Rich U.S. High-Tech Firms May Be Stifling Innovation, OECD Says

Collective Action Needed Globally for Growth, Says OECD
  • Paris-based group points to takeovers of fledgling companies
  • Says financial regulation may also be crimping productivity

It’s practically an article of faith in Silicon Valley: High-tech companies are an unalloyed good for the U.S. economy, generating the innovation that is critical to its long-term success.

That’s not always the case, according to the Organization for Economic Cooperation and Development. The Paris-based group argues that rich, entrenched technology companies may be dampening rather than promoting innovation by buying up fledgling firms.

“Merger and acquisition activity is showing signs of blunting market forces in some industries,” the 34-nation OECD said in a report Thursday on the U.S. economy. “This is particularly apparent in the high-tech industry, where deep-pocketed incumbents have acquired promising young firms.”

It singled out Facebook Inc.’s 2014 purchase of mobile-messaging start-up WhatsApp Inc. as an example of the buyout trend. Such moves “tend to sideline the strong-performing young firms that play a key role in pushing market innovation and challenging incumbents,” the organization said.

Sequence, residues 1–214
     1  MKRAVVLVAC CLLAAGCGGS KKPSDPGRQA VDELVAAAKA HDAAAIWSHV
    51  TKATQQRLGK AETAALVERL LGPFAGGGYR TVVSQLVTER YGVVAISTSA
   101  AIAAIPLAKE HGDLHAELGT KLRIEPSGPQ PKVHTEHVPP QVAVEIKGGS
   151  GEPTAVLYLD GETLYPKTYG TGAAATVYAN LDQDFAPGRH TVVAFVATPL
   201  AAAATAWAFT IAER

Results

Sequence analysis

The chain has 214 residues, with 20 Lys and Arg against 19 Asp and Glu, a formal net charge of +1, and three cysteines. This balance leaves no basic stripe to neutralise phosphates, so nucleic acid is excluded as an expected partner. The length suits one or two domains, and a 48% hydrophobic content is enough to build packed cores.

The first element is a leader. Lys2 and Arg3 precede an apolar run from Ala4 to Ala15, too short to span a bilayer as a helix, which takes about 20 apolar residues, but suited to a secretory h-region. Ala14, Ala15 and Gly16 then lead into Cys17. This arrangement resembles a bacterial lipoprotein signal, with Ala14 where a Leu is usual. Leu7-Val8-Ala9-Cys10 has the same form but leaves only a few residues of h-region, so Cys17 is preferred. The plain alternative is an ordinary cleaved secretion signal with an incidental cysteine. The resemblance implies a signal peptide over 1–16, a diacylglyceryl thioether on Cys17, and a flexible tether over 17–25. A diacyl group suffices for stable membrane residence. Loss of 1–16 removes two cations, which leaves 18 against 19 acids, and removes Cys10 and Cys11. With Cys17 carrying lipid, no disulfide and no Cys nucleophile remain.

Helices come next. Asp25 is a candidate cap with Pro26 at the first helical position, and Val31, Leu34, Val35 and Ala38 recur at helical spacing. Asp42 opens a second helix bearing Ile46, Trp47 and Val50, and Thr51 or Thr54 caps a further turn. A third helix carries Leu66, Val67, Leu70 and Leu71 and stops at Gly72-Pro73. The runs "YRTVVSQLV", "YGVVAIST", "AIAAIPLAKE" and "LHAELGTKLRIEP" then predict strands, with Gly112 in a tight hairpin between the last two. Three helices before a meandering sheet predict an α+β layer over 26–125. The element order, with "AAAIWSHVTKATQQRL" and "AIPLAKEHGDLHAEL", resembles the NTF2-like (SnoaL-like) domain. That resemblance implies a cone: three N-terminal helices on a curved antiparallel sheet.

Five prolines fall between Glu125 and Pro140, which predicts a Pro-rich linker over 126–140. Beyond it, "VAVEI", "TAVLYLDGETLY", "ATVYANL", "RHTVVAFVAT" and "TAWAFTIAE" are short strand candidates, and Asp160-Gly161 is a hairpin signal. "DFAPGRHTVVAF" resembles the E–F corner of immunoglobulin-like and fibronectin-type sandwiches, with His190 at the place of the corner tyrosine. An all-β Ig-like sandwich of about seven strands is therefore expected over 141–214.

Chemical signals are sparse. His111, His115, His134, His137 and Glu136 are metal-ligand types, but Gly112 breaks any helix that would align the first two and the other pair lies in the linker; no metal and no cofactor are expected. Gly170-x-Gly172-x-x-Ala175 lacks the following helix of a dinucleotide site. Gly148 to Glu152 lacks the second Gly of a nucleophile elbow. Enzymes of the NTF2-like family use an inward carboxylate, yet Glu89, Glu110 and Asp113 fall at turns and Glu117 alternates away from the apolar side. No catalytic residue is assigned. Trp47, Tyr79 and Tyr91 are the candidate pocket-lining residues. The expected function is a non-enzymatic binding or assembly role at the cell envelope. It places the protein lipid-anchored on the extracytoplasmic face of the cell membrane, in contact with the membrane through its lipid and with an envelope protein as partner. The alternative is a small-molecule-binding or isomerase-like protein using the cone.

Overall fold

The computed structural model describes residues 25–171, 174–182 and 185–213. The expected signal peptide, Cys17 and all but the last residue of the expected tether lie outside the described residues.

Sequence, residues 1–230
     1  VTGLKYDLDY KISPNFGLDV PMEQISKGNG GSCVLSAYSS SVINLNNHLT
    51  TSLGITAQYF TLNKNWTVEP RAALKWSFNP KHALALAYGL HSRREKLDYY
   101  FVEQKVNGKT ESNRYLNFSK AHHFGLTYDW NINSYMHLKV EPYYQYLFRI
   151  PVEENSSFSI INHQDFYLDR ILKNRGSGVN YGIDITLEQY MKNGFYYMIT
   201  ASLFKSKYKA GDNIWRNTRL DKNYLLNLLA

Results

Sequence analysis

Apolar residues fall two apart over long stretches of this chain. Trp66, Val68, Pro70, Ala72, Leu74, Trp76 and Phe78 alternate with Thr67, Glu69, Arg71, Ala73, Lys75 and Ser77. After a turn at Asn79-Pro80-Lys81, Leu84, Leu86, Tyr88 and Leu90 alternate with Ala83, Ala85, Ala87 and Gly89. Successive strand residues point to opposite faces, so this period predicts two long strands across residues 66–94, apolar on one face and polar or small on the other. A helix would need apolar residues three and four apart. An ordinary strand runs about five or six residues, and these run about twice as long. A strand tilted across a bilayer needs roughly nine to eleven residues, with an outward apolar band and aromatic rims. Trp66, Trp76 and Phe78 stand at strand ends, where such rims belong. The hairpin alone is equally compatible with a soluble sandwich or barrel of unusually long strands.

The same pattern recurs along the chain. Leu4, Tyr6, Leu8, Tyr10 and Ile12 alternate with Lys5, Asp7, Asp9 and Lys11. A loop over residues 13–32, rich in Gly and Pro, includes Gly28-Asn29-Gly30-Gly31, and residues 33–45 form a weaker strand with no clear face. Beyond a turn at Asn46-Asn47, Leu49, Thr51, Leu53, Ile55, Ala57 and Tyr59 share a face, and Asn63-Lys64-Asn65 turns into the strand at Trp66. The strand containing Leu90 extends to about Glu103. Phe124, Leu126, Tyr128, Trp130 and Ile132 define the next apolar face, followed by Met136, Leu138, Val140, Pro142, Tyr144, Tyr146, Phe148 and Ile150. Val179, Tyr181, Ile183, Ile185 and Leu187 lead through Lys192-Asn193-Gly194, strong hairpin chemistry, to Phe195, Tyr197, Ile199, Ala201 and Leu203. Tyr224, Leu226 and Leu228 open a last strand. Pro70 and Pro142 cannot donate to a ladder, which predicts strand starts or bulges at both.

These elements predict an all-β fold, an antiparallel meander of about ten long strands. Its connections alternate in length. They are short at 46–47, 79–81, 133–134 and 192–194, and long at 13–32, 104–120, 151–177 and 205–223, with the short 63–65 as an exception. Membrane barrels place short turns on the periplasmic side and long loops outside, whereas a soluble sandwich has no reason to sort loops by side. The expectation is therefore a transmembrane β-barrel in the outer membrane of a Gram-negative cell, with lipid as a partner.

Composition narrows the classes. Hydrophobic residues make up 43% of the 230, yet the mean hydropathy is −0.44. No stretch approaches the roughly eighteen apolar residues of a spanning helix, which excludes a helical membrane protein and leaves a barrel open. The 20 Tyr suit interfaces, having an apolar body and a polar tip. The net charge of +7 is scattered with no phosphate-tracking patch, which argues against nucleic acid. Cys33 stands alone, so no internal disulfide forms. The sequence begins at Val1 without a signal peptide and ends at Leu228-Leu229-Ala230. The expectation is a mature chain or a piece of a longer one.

High-tech isn’t the only industry where the OECD saw potential for problems. It also cited the retailing and pharmaceuticals as sectors “where consolidation is especially evident.”

The group, which serves as forum for democracies with market economies to swap policy ideas, suggested that the U.S. consider broadening the scope of its existing antitrust laws in response.

Financial Rules

Another possible reason for the country’s recent sluggish productivity performance, according to the OECD: tougher financial regulations imposed in the wake of the 2007 to 2009 economic crisis. While making the financial system safer, they also could be limiting the amount of credit provided to businesses and entrepreneurs.

“Time will tell whether policy makers need to recalibrate these measures as the trade-offs between financial stability and funding availability become more apparent,” it said.

The report was mostly upbeat on the state of the U.S. economy seven years after the end of the worst financial crisis since the Great Depression.

“The United States is making a comeback,” the group said. “The U.S. economic recovery, while modest by historical standards, has been one of the strongest in the OECD.”

Gross domestic product has expanded at an annual average rate of about 2 percent since the middle of 2009, and the OECD sees more of the same this year and next. It sees “stubbornly low” inflation edging higher toward the Federal Reserve’s 2 percent goal.

“Further increases in interest rates would be warranted in line with inflation becoming more consistent with the Fed’s inflation target, though at a pace so as not to jeopardize the recovery,” the OECD said. “As the target is symmetric, inflation could run temporarily higher than 2 percent."

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